Vive la Différence

Way back in the nineties, I found an excellent US comedian called Emo Phillips. He was quite prominent back them, although I don’t hear much of him now. I can’t blame him for getting tired of criss-crossing the Atlantic.

One clip of Emo is funny, but I think also has a serious message.

The serious message here is that no matter how in common we are with somebody else, sooner or later, we’re different. How deep you want to look is up to you – whether you’re looking for similarity or separateness, you’ll find what you’re after.

I don’t know, I pro-actively searched for people after the stroke, looking for other stroke survivors, for I spent a long time thinking that I was on my own. Sound familiar?

After I reached out, I gradually started to meet other survivors in person, however, and we were all differenet.

One guy had his stroke back in the early Nineties – you wouldn’t know. But he still wears a FES device to help him along. I tried one of those for a while. Another guy looked okay, but had had a couple of strokes, with a heart attack thrown in for good measure. His disability was quite minimal, but he was conscious of his voice. I think my voice has changed, but my tech still understands me when I speak. Another guy – it was his peripheral vision, someone else was the opposite of me – gets by with her hand, but can’t walk.

So, all different, but all the same.

At the moment, I celebrate particularly when I get something from my old life back. Last week, just a walk in the forest. We went to a town, to a café, for the first time since the stroke. Any of that sound familiar?

At the same time, I’m scared that there are parts of me that I won’t get back. I’m still not driving, or doing paid work, for example. It’s been almost four years, now. Sound familiar? But I’m fortunate because the brain I used to use to make my living, that did come back.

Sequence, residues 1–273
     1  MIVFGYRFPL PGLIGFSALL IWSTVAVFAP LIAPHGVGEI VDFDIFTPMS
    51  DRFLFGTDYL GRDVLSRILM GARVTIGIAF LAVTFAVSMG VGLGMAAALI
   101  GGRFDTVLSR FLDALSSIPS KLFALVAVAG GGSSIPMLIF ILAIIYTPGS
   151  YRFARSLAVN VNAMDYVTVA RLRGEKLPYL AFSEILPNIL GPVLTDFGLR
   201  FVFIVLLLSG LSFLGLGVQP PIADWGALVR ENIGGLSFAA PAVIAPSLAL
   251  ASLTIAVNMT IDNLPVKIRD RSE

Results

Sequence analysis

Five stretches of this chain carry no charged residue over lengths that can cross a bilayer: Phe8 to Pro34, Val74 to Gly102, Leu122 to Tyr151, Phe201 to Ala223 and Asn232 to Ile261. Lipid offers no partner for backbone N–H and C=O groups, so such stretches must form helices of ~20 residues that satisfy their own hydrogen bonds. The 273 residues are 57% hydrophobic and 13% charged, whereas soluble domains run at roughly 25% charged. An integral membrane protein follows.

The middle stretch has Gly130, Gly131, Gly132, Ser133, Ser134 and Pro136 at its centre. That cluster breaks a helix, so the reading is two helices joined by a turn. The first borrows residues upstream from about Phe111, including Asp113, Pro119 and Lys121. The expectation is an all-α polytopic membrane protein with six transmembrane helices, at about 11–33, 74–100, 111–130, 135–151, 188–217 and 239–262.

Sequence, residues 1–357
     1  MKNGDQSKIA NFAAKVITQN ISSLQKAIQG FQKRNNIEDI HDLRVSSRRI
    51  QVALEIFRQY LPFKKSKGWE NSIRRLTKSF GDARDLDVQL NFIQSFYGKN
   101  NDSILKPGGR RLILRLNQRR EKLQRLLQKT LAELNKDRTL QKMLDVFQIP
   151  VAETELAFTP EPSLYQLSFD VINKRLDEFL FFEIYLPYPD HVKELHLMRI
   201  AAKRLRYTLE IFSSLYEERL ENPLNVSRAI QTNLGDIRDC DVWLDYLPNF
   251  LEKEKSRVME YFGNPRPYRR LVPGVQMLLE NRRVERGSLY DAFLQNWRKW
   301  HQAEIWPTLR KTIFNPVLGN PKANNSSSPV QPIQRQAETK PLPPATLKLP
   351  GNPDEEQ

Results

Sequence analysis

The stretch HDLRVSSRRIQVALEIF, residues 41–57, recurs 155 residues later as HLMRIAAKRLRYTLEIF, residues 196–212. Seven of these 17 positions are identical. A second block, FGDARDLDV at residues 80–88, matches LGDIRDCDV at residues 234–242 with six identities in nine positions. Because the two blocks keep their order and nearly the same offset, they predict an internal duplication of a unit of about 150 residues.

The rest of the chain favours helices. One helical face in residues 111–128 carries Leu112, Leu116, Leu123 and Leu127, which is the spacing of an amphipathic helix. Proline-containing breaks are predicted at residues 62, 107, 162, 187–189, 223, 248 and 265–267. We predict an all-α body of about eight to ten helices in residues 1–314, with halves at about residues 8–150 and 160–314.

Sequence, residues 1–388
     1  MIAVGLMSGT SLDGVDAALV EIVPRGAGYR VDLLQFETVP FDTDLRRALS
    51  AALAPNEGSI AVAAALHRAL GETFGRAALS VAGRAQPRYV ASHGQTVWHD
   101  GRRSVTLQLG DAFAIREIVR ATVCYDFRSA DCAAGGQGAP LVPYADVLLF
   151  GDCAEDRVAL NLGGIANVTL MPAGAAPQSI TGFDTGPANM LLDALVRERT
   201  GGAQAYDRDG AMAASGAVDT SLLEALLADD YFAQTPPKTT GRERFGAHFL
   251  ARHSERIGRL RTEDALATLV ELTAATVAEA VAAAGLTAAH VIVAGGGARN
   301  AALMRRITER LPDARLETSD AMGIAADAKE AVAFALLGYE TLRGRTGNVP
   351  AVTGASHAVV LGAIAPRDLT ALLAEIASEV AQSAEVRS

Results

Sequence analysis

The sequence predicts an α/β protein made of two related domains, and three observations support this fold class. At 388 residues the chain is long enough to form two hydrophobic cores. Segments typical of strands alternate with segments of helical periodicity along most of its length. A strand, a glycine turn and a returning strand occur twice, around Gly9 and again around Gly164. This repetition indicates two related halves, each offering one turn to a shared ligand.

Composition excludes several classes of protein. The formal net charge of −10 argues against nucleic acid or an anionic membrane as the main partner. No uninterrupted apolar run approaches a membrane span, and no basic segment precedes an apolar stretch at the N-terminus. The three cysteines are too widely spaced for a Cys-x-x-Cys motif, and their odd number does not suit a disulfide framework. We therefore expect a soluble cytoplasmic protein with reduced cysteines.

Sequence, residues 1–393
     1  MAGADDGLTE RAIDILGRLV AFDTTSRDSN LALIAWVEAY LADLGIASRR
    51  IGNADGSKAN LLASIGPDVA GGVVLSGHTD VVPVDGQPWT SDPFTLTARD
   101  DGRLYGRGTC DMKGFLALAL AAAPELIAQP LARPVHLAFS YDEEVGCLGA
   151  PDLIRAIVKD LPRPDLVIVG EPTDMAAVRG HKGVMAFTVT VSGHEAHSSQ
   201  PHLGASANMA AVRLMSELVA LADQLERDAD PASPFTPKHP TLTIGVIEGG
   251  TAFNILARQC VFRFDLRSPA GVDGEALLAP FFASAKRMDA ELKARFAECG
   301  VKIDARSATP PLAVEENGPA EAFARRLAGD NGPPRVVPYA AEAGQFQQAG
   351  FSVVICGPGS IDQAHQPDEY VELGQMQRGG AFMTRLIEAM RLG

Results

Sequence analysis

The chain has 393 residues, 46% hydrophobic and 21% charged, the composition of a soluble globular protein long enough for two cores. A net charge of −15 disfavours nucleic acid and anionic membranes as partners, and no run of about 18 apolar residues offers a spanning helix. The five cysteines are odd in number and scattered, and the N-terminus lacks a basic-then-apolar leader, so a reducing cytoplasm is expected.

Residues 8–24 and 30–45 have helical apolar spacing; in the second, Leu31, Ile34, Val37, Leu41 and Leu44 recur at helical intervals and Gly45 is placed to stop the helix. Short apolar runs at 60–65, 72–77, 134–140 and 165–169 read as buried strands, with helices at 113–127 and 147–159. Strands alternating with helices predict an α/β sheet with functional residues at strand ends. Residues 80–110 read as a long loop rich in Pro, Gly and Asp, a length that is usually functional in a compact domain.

Lastly, people on here. People with all kinds of back-stories. I don’t know how some of them came through what they’ve come through. Coming through, I bet everybody would put it in the present. Maybe they think that about me? I’ll let you into a secret – I’m nothing special. I got put into this shitty situation, which I didn’t ask for, and I’m just doing my best to put my life back together. Sound familiar?

Author: Stroke Survivor UK

Formerly, designed and developed IT systems for banks, but had a stroke in 2016, aged pre-50! I have returned to developing from home, but some of my time is also spent volunteering with the UK charities Age UK (www.ageuk.org.uk) and the [UK] Stroke Association (www.stroke.org.uk).

2 thoughts on “Vive la Différence”

  1. “I got put into this shitty situation, which I didn’t ask for, and I’m just doing my best to put my life back together.” I think, to one degree or another, we are just doing the best we can to keep our lives together.”

    Liked by 1 person

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